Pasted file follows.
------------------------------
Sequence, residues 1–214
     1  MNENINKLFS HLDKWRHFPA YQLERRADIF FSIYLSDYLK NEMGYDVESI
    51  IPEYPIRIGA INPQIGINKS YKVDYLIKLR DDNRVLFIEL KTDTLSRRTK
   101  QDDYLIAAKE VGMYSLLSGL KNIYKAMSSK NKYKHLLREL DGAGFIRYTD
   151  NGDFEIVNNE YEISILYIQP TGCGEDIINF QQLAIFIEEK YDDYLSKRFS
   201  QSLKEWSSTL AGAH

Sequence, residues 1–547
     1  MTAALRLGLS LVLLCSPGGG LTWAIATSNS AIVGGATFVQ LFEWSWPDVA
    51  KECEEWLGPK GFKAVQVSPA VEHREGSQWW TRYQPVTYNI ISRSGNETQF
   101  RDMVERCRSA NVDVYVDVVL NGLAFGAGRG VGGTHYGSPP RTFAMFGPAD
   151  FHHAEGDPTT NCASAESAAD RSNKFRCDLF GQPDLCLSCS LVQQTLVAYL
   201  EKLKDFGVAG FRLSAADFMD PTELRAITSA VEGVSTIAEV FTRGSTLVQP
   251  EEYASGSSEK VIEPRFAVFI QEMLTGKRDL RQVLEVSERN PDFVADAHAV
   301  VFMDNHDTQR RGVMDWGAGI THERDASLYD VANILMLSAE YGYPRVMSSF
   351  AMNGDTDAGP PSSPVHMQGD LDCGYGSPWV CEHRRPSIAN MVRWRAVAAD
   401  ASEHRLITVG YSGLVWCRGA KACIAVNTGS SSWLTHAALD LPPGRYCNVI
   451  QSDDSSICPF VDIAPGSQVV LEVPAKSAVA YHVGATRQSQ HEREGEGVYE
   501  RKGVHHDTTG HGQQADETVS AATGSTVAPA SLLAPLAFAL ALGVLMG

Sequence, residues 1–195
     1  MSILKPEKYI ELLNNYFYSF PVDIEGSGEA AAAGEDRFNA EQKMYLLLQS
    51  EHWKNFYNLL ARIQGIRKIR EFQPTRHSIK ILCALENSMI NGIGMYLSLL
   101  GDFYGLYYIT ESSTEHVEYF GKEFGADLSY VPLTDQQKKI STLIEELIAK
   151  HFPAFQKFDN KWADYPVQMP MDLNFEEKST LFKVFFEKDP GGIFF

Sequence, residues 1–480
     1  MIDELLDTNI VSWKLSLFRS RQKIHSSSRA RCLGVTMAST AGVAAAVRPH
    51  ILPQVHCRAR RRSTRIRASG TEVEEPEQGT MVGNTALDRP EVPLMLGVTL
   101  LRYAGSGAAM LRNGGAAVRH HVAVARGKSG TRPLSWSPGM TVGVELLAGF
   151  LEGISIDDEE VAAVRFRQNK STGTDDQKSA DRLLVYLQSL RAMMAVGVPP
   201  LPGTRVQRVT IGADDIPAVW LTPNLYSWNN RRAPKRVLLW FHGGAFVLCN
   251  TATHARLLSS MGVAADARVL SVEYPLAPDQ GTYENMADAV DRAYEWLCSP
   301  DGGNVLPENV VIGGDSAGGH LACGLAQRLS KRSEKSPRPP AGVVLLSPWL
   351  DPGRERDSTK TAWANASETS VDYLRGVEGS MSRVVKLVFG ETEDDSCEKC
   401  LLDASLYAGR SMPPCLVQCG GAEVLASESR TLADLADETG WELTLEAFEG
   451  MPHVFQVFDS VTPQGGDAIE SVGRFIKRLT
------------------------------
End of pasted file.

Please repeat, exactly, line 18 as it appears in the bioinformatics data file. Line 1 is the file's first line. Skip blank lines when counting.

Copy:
   501  RKGVHHDTTG HGQQADETVS AATGSTVAPA SLLAPLAFAL ALGVLMG